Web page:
How safe are congregations and clergy from automation?

Judging by the fast pace at which technology is overtaking certain work tasks, clergy seem not to necessarily be exempt from the threat of automation, with several aspects of their work already being performed by artificial intelligence, writes William Young in the religion and science journal Zygon (June). Certain professions, such as medicine, law, journalism, and finance, not to mention the majority of clerical jobs, have been seen as particularly affected by digital technology, including artificial intelligence (AI). Because the work of clergy touches on several areas seen as protected from technological encroachment, such as spirituality, creativity, specialized knowledge, and personal contact, the profession has not been seen as likely to fall prey to automation; indeed, a 2013 Oxford University study found that clergy had only a 0.83 percent chance of losing employment due to automation. But Young begs to differ, citing several developments already here or on the horizon that pose challenges to clergy and other religious professionals. First of all, the profusion of online forms of spirituality has created a do-it-yourself religious mentality—most clearly seen in the dramatic rise of the non-affiliated (or “nones”)—that does not view clergy as essential to finding a faith or cultivating a spirituality.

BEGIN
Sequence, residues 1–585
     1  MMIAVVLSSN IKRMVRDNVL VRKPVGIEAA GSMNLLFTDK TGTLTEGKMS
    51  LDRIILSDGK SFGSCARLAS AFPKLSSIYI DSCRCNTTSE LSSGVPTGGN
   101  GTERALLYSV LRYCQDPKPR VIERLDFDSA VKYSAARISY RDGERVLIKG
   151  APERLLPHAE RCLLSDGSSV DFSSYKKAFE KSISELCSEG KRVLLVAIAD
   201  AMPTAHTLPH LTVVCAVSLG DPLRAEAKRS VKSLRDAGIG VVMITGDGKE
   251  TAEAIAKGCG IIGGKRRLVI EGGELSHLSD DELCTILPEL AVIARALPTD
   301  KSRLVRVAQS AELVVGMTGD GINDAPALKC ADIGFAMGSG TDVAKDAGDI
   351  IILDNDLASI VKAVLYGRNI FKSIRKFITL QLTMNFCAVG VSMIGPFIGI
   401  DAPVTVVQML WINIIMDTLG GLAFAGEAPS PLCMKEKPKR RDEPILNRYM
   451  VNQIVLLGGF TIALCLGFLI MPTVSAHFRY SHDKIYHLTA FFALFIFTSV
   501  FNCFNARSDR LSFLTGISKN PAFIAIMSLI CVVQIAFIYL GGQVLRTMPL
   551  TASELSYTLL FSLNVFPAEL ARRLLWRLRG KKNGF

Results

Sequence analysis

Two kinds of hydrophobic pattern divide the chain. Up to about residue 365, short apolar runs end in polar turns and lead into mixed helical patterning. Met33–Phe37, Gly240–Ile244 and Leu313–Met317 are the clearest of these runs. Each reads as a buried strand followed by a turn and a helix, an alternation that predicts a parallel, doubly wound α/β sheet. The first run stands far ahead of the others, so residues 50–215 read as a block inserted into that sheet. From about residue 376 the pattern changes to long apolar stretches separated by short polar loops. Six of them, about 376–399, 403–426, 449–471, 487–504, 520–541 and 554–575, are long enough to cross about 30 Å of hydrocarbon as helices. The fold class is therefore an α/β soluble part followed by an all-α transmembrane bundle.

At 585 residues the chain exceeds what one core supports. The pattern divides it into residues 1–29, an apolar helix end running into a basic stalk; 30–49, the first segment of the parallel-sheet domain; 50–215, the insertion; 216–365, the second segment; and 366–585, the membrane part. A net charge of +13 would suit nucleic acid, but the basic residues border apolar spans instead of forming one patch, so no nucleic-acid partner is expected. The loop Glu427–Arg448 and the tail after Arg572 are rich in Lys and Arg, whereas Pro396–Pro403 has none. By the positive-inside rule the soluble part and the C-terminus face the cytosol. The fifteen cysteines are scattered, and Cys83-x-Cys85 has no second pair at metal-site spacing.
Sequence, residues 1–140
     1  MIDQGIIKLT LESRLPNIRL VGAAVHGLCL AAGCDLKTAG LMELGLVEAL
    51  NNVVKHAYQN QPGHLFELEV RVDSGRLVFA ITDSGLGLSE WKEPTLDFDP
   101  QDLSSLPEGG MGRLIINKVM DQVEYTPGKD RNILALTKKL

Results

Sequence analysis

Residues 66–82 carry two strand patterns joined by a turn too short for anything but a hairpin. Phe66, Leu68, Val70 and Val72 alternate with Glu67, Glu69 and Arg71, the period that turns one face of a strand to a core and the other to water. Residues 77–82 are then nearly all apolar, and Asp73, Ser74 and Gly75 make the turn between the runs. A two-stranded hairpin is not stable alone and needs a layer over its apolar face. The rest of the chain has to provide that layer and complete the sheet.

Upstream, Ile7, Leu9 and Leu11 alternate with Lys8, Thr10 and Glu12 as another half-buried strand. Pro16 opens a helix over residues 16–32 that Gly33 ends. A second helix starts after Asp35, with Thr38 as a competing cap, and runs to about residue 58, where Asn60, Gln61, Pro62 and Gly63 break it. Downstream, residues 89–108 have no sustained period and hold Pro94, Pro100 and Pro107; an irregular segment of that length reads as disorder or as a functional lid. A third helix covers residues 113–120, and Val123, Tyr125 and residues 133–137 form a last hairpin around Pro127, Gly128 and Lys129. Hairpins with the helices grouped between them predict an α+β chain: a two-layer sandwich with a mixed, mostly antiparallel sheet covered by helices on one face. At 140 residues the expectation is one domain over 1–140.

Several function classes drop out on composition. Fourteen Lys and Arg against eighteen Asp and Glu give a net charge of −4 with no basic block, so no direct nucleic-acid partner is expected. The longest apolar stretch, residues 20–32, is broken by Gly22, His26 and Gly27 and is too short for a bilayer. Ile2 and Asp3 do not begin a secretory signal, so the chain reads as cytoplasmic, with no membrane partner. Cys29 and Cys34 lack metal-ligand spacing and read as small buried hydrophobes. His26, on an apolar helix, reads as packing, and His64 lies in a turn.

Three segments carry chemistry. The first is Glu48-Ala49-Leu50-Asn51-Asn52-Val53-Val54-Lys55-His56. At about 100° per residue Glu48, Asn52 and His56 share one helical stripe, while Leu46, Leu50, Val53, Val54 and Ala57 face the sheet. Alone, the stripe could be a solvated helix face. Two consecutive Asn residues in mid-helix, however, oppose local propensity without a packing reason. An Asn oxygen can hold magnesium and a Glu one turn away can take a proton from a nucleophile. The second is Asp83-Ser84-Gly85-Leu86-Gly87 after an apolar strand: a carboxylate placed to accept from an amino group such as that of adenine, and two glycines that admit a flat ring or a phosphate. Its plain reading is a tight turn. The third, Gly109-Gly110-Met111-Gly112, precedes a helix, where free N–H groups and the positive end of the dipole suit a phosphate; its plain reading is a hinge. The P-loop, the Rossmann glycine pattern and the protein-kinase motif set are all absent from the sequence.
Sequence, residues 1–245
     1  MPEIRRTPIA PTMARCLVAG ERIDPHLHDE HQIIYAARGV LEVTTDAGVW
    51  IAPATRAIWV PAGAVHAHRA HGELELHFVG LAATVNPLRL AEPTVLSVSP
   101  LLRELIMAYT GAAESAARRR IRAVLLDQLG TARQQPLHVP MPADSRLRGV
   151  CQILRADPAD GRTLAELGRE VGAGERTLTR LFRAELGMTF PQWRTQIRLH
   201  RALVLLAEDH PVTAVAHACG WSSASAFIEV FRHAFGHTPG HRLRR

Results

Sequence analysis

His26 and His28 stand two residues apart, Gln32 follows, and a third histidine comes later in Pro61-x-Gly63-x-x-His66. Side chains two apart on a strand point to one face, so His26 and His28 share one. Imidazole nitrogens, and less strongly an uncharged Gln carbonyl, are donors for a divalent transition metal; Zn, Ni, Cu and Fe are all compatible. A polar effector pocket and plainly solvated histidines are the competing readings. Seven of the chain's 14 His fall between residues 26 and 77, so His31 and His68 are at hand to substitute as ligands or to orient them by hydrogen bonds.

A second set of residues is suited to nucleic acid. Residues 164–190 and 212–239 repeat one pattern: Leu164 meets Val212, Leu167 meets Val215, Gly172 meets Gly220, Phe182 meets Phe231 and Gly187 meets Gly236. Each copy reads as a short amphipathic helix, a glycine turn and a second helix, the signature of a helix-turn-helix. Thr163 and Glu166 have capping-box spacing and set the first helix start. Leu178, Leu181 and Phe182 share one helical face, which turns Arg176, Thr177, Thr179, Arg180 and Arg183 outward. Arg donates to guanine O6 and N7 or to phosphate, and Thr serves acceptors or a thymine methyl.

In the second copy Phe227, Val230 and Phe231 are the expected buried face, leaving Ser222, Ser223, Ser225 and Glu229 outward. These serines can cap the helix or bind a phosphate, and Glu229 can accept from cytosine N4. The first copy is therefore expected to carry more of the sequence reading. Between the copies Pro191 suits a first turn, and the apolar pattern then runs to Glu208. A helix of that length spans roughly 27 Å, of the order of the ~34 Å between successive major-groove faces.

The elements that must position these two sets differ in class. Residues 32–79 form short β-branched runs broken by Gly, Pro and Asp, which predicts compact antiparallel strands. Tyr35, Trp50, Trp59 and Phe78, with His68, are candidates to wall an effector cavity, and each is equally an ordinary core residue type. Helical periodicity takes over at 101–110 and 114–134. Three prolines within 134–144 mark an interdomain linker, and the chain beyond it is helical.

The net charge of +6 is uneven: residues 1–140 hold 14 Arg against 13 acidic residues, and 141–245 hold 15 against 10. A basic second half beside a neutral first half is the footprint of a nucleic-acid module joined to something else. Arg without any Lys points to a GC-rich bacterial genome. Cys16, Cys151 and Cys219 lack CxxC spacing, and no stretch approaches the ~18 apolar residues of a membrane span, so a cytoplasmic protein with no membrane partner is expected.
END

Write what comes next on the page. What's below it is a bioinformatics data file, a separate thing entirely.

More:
But Young adds that there is also the possibility that artificial intelligence “actually will supplement or supplant human clergy in significant ways—writing sermons, delivering pastoral care, conducting scriptural/theological research, or performing sacramental functions.” Because most congregations only have one full-time employee, the pastor, who provides nonadministrative work that might be difficult to automate, there is not a strong incentive for AI researchers to develop applications specifically for the religious marketplace. But “automation within churches might emerge as a niche market leveraging technologies developed for the much larger and more lucrative commercial sector.” For instance, Young sees the technology of AI language generation being used for sermon writing in the foreseeable future, especially since clergy are regularly using online tools for their sermons. As for pastoral care, a new “virtual conversational palliative care coach” developed by Northeastern University and Boston Medical Center incorporates an “explicitly spiritual component” as it seeks to help individuals “manage symptoms, reduce stress, identify and address unmet spiritual needs, and support advanced care planning.” The technology supports a variety of religious traditions as well as atheism, “spiritual humanism,” and secular humanism. Young speculates that the proliferation of AI into the religious sphere will force clergy and theologians to deal with such questions as the purportedly unique status of humans as beings created in the image of God and whether a “soul” can exist in such digital systems, particularly as this technology relates to sacramental functions.